Richard Trass, Petitioner-appellant, v. Ross Maggio, Warden, Louisiana State Penitentiary, Andattorney General William J. Guste, Jr., State Oflouisiana, Respondents-appellees, 731 F.2d 288 (5th Cir. 1984)Annotate this Case
Lila T. Hogan, Hammond, La., for petitioner-appellant.
John H. Craft, Susan Scott Hunt, Asst. Dist. Attys., New Orleans, La., for respondents-appellees.
Appeal from the United States District Court for the Eastern District of Louisiana.
Before GEE, RANDALL and JOHNSON, Circuit Judges.
GEE, Circuit Judge:
Petitioner Richard Trass appeals from the district court's denial of his petition for habeas corpus relief. Trass was jointly indicted with Charles Tolliver in Louisiana state court for the murder of Allen Johnson. Trass and Tolliver were found guilty as charged in a joint trial and were sentenced to life imprisonment. Trass now contends that he was denied effective assistance of counsel in violation of his rights under the sixth and fourteenth amendments in that his counsel failed to move for a severance during or prior to trial, failed adequately to prepare his case, and failed effectively to utilize pretrial motions. For the reasons set out below, we reverse the decision of the district court and order that the writ be granted.
Trass and co-defendant Tolliver were indicted in December 1974. Trass's family retained Lyall Shiell, a New Orleans attorney, to represent Trass; Tolliver was represented by Robert Zibilich. In a joint trial, both defendants were convicted. The Louisiana Supreme Court affirmed Trass's conviction on appeal, State v. Trass, 347 So. 2d 1156 (La.1977). After exhausting his state court remedies, Trass filed a habeas petition in federal court. The district court denied this application for habeas relief, applying the heightened standards of performance for retained counsel subsequently overruled by the Supreme Court in Cuyler v. Sullivan, 446 U.S. 335, 100 S. Ct. 1708, 64 L. Ed. 2d 333 (1980). We reversed and remanded for an evidentiary hearing and reconsideration under the "reasonably effective assistance of counsel" standard uniformly applied to both retained and appointed counsel in Cuyler.
On remand an evidentiary hearing was held before United States Magistrate Livaudais in September and October of 1982. Based on the evidence presented in the hearing and contained in the record and on the applicable law, Magistrate Livaudais found that petitioner's claim of ineffective assistance of counsel was valid insofar as it was based on counsel's failure to move for severance during trial and the resulting prejudice, and recommended granting the writ. The district court rejected the magistrate's recommendation and denied the writ in June 1983. Petitioner appeals from that denial, raising as instances of ineffectiveness not only counsel's failure to move for severance, but also the other grounds urged to Magistrate Livaudais--counsel's lack of preparation and failure to effectively utilize pretrial motions.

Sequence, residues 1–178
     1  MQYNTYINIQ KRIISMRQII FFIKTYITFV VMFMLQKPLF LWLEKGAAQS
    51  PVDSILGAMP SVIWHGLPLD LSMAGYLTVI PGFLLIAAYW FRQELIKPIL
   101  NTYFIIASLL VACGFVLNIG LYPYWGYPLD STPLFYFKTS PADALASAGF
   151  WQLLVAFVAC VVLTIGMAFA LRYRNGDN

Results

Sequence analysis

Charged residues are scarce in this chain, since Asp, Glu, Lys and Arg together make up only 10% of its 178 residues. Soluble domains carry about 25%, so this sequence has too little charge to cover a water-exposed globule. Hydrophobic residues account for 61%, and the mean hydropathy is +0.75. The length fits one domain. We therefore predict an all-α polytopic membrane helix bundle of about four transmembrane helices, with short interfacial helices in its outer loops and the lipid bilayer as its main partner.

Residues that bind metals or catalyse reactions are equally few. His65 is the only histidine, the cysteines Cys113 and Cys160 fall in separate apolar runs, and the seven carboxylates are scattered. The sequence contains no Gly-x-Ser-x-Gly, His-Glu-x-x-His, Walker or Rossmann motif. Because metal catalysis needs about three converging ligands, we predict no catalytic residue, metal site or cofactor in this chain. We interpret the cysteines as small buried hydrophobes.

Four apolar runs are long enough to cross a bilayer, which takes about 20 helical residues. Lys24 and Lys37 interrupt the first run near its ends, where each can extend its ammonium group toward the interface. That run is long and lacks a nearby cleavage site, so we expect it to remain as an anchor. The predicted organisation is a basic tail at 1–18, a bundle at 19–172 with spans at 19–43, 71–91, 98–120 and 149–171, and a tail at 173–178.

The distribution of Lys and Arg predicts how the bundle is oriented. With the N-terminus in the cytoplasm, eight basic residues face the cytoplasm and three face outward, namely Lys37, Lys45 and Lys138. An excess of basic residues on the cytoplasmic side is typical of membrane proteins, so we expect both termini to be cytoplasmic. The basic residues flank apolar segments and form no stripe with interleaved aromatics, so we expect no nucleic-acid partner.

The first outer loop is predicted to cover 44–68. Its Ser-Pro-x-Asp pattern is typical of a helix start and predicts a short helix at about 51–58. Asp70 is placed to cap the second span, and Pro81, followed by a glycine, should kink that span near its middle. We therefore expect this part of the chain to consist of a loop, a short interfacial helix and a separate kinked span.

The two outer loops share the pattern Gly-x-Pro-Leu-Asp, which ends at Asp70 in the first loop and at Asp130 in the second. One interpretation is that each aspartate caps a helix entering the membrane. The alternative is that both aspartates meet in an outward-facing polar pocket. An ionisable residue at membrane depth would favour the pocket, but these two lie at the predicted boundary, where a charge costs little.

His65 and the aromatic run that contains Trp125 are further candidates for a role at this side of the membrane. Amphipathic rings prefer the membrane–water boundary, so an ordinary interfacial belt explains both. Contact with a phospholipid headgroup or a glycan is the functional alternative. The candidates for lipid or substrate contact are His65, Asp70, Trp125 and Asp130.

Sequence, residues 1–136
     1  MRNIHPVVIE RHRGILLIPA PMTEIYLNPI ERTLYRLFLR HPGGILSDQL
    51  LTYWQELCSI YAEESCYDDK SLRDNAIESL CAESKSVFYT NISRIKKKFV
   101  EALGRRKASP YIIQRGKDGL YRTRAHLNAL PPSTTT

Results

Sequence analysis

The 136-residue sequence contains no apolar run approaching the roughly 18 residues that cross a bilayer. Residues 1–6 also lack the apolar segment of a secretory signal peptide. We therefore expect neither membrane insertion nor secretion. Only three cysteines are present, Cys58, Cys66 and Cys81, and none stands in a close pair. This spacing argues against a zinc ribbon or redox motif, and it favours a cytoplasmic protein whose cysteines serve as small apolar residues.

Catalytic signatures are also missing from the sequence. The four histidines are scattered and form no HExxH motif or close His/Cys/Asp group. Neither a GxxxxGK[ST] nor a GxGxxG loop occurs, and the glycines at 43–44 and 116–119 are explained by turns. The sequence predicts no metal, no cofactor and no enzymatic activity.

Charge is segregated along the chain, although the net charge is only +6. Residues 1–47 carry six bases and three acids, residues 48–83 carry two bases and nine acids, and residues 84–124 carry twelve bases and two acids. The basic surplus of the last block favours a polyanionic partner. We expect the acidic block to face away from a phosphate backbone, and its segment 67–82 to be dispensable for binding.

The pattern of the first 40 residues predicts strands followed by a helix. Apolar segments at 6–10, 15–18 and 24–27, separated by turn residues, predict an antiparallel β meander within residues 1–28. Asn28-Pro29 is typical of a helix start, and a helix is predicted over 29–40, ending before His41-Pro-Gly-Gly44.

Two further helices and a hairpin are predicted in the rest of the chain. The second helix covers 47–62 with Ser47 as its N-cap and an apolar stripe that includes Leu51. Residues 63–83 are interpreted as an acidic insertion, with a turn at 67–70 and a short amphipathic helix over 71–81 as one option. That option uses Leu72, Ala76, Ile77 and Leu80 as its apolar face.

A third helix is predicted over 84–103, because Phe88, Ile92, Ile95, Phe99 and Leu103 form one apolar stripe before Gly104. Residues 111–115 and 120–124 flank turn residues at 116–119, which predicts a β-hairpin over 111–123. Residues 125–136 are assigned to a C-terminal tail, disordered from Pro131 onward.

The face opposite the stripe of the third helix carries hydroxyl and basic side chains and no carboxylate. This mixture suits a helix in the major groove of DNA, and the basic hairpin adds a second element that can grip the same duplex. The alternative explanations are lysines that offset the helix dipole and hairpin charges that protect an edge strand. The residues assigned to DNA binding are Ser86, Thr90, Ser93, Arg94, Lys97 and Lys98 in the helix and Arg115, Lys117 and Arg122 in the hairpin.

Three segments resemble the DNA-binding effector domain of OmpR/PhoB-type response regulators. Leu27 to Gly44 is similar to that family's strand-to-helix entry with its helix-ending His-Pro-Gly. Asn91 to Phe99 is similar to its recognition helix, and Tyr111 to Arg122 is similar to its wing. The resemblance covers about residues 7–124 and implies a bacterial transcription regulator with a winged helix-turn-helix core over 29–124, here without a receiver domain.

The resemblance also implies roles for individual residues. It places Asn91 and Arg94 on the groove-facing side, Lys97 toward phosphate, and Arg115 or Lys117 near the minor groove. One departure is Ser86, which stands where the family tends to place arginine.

Our review of the record indicates a disturbing disregard on Shiell's part for his responsibilities to a client charged with murder in a joint indictment. Early in the course of preparation for trial, Shiell and Zibilich reached an agreement that neither defendant would present evidence but would merely rest on his respective presumption of innocence.1 Having made this decision, Shiell appears to have abdicated his role in the trial, allowing Zibilich to determine the course of events.
The description of Shiell's preparation for trial is a long list of actions not taken. Trass has consistently maintained that despite his repeated efforts to contact Shiell (attempts corroborated by other witnesses) and to inform him of specific alibi witnesses (corroborated by these witnesses), Shiell did not consult with him at any time in preparing his defense. Shiell states that he is "sure he consulted with petitioner" but he fails to recall any specific dates or to produce any documentation of any consultations. Shiell admits he interviewed none of petitioner's potential witnesses and subpoenaed no witnesses on petitioner's behalf. Because Trass is "retarded," Shiell never considered putting him on the stand, but neither did he have Trass tested to determine if he was legally incapable of forming criminal intent or standing trial. He did not interview the co-defendant, Tolliver, nor did he interview any of co-defendant's witnesses, even though seven were subpoenaed before trial.
Shiell's use of pre-trial motions was similarly minimal. He filed no pre-trial motion on Trass's behalf, simply joining in the pre-trial motions filed on behalf of Tolliver by Zibilich: motions to suppress identification, confession and evidence. Shiell and Zibilich subsequently withdrew all pre-trial motions except the Prayer for Oyer, which requested both written and verbal statements. Shiell did not interview the state's witnesses, even though they were identified in the Prayer for Oyer, nor did he attempt to develop any impeaching evidence. When, on the day of trial, the state presented Shiell with the notice required by Section 768 of the Louisiana Code of Criminal Procedure2 (a "768 notice") of intent to use an inculpatory statement by Trass, Shiell did not move to suppress this statement even though the 768 notice directly conflicted with the answer to the Prayer for Oyer which disclosed no such inculpatory statements obtained by law enforcement officials. This statement was the only incriminating evidence presented by the state against Trass.